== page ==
There are reasons to suspect that the fossil fuel energy industry has had a hand in thwarting the commercial development of energy storage technology - to its advantage and to the detriment of the renewable energy industry.
As the difference between peak and off-peak electricity tariffs grow ever wider, the payback periods on energy storage systems grow shorter.
One example is recently announced Time of Use tariffs for small business using up to 40,000 kilowatt-hours (kWh) a year in New South Wales. These have a whopping 36 cents per kWh difference between the peak and off-peak price.
- The peak period is 2:00 pm to 8:00 pm Monday-Friday.
- The shoulder periods are 7:00 am to 2:00 pm and 8:00 pm to 10 pm Monday-Friday.
- The off-peak period is 10:00 pm to 7:00 am Monday to Friday:
|Small Business Time of Use Electricity Tariffs|
Sources: ORIGIN business price guide for New South Wales customer with Time-of-Use meter and annual electricity consumption falling within the Small Business Energy category for Ausgrid (Code EA225 = Less than 40 Megawatt-hours per year).
ORIGIN energy Rates 2, 4 and 6 for peak period energy use are 44.3 cents per kilowatt-hour excluding GST. (48.73 cents per kilowatt-hour including GST.)
Here is an example of the costs of electricity used from 8:00 am to 8:00 pm, Monday to Friday, 52 weeks per year for a business that uses 10 kWh each hour over this period:
During the peak period of 2:00 pm to 8:00 pm each day 60 kilowatt-hours is used. This costs $29.24 per day and $7,601.88 a year. The cost of this much energy at the off-peak tariff is only $0.64 per day and $1,990.56 a year. That is $5,611.32 a year less than the peak period cost.
It is worth keeping a close watch on the availability of 60-70 kWh Zinc-Air batteries that are estimated to cost about $10,000. This amount of energy storage could deliver the saving of about $5,600 a year calculated in the above example.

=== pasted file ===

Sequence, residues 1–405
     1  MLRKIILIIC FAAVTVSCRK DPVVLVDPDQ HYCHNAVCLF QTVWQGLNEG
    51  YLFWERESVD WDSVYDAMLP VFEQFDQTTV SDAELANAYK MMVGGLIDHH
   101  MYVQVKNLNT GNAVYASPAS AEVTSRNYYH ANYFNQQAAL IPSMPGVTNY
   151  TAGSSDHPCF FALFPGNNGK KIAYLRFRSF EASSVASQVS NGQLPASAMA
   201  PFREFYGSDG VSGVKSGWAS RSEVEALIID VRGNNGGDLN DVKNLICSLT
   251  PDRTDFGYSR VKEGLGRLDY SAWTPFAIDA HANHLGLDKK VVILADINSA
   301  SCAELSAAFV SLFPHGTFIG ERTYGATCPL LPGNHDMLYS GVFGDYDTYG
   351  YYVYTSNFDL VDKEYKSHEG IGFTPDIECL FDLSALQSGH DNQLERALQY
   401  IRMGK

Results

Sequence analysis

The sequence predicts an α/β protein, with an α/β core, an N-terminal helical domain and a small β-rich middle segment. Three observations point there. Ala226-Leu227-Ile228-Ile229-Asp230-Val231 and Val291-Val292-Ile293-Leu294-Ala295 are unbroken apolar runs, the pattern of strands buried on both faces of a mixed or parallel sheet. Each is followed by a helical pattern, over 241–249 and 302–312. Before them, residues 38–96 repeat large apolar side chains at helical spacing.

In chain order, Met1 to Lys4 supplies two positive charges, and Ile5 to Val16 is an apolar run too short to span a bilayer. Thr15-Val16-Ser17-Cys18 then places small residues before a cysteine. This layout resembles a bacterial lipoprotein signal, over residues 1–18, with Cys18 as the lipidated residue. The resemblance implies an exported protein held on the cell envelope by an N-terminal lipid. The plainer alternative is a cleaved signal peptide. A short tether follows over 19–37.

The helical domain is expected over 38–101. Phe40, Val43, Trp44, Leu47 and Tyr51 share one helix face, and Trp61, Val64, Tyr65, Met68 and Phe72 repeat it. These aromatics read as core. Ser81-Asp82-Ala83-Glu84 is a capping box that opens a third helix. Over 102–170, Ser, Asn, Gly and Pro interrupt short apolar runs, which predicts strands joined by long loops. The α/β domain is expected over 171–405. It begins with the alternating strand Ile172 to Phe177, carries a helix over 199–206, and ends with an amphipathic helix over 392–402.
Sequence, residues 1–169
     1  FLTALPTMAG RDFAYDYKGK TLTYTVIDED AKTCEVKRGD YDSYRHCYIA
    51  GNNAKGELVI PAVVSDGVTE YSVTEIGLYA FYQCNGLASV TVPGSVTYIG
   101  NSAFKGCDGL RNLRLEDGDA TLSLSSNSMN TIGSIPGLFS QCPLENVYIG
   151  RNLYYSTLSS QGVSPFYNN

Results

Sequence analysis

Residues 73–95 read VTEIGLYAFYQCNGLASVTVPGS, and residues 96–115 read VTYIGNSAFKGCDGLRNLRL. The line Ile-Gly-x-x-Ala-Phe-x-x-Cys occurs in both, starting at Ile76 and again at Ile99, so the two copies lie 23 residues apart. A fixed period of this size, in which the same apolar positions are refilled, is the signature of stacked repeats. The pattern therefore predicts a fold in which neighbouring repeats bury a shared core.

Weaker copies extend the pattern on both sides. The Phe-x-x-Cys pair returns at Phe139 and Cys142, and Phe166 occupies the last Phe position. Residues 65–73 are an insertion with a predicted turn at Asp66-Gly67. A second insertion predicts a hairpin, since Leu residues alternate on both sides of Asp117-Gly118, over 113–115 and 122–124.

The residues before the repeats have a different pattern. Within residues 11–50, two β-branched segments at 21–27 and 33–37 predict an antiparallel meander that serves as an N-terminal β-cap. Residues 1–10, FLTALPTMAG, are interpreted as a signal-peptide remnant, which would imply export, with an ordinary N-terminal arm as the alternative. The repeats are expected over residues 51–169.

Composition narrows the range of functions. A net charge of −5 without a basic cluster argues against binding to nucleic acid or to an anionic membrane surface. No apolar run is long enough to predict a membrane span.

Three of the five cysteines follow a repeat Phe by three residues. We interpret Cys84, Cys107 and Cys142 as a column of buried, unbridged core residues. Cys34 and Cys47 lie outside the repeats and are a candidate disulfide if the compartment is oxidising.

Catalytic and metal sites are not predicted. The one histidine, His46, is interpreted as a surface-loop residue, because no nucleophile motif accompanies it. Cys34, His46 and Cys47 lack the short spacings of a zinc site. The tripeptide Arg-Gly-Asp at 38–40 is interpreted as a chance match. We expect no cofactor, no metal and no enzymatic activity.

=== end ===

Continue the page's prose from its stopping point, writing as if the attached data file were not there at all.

A word of caution especially for investors and technology developersZinc-Air Fuel Cells were heralded as a great idea over ten years ago. Many investors put money into a series of start-ups that supposedly were intended to bring the technology to market.
Some of the investors formed the view that their funds were in fact collected for the benefit of company directors and relatives of company directors.
The technology may well be commercially viable and the fate of the start-up companies may have hinged on other factors.
For example, company directors named in a web post by disaffected shareholders are also company officers in businesses involved in coal seam gas production.
Commercially viable energy storage devices, whether they are Zinc-Air Refuelable Batteries developed at the prestigious Lawrence Livermore National Laboratory, or Vanadium Redox Flow Batteries invented and developed at the University of New South Wales, will greatly assist the commercial success of renewable energy technology. This success may come at the expense of fossil fuel energy suppliers.
Company directors with substantial financial interests in the coal seam gas industry may not be highly motivated to bring a competing technology such as zinc-air energy storage successfully to market.
For a history of Zinc-Air Refuelable Batteries see -
1. Zinc Air Refuelable Battery - Review - October 1995
2. Zinc Air Battery Bus Trial - Report - March 2004
3. Power Air Corporation - Corporate Summary - January 2006
4. Power Air Dynamics Limited - Shareholders Newsletter - February 2006
5. Shareholders web post on where their money went - circa April 2006
6. How We Got the Money--Zinc Air Technology: Go Public - June/July 2006
7. Power Air Corporation - Notification of Bankruptcy - February 2012